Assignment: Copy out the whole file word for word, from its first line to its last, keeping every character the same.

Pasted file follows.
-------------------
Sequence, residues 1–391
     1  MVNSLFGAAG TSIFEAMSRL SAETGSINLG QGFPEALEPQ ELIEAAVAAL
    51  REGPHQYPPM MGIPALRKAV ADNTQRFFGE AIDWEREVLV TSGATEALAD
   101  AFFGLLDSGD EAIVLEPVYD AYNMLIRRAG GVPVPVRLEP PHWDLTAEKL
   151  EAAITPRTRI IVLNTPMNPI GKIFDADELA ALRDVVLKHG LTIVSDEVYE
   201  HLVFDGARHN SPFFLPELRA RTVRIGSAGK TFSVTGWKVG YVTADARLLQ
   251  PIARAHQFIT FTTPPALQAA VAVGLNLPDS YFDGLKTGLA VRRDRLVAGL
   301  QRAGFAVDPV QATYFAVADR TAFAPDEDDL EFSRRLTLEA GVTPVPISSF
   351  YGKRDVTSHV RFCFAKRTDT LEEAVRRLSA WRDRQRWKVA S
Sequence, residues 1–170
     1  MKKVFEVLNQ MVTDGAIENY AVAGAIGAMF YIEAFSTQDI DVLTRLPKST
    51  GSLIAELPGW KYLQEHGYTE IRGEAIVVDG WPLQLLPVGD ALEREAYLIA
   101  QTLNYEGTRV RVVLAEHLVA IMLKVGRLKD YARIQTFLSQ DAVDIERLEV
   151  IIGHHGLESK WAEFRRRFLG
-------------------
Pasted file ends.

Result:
Sequence, residues 1–391
     1  MVNSLFGAAG TSIFEAMSRL SAETGSINLG QGFPEALEPQ ELIEAAVAAL
    51  REGPHQYPPM MGIPALRKAV ADNTQRFFGE AIDWEREVLV TSGATEALAD
   101  AFFGLLDSGD EAIVLEPVYD AYNMLIRRAG GVPVPVRLEP PHWDLTAEKL
   151  EAAITPRTRI IVLNTPMNPI GKIFDADELA ALRDVVLKHG LTIVSDEVYE
   201  HLVFDGARHN SPFFLPELRA RTVRIGSAGK TFSVTGWKVG YVTADARLLQ
   251  PIARAHQFIT FTTPPALQAA VAVGLNLPDS YFDGLKTGLA VRRDRLVAGL
   301  QRAGFAVDPV QATYFAVADR TAFAPDEDDL EFSRRLTLEA GVTPVPISSF
   351  YGKRDVTSHV RFCFAKRTDT LEEAVRRLSA WRDRQRWKVA S
Sequence, residues 1–170
     1  MKKVFEVLNQ MVTDGAIENY AVAGAIGAMF YIEAFSTQDI DVLTRLPKST
    51  GSLIAELPGW KYLQEHGYTE IRGEAIVVDG WPLQLLPVGD ALEREAYLIA
   101  QTLNYEGTRV RVVLAEHLVA IMLKVGRLKD YARIQTFLSQ DAVDIERLEV
   151  IIGHHGLESK WAEFRRRFLG